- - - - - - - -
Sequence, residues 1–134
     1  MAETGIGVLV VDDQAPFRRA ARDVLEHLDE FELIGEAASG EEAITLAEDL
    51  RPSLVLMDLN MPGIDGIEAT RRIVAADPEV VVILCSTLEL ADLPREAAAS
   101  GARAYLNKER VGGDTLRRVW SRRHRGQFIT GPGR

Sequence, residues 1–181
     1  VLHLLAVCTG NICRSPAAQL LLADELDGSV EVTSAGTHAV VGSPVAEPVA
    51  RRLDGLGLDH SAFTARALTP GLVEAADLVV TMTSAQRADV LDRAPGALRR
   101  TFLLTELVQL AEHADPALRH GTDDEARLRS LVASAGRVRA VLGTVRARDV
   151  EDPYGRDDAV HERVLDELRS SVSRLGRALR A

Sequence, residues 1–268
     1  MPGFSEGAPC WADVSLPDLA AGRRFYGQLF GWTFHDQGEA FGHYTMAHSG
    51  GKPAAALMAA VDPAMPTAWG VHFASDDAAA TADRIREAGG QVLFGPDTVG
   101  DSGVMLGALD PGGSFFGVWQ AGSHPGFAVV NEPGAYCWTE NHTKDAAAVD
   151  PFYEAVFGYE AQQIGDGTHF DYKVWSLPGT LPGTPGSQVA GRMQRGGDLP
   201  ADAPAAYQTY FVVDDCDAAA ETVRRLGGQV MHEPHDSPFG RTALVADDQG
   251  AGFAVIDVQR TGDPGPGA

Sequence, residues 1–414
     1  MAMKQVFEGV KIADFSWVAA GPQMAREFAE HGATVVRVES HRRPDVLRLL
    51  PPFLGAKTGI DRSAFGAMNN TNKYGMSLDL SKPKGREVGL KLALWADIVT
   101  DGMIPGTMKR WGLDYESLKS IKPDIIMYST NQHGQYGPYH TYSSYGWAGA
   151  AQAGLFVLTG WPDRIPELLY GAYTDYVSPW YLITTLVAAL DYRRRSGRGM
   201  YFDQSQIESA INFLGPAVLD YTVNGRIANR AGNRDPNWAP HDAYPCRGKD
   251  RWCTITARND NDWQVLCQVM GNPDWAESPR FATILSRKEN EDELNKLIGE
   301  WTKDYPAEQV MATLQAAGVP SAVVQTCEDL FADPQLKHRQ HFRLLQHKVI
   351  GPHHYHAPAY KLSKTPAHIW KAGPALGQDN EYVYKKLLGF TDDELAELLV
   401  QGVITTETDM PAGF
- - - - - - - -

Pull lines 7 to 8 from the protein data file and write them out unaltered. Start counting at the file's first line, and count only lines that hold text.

    51  RRLDGLGLDH SAFTARALTP GLVEAADLVV TMTSAQRADV LDRAPGALRR
   101  TFLLTELVQL AEHADPALRH GTDDEARLRS LVASAGRVRA VLGTVRARDV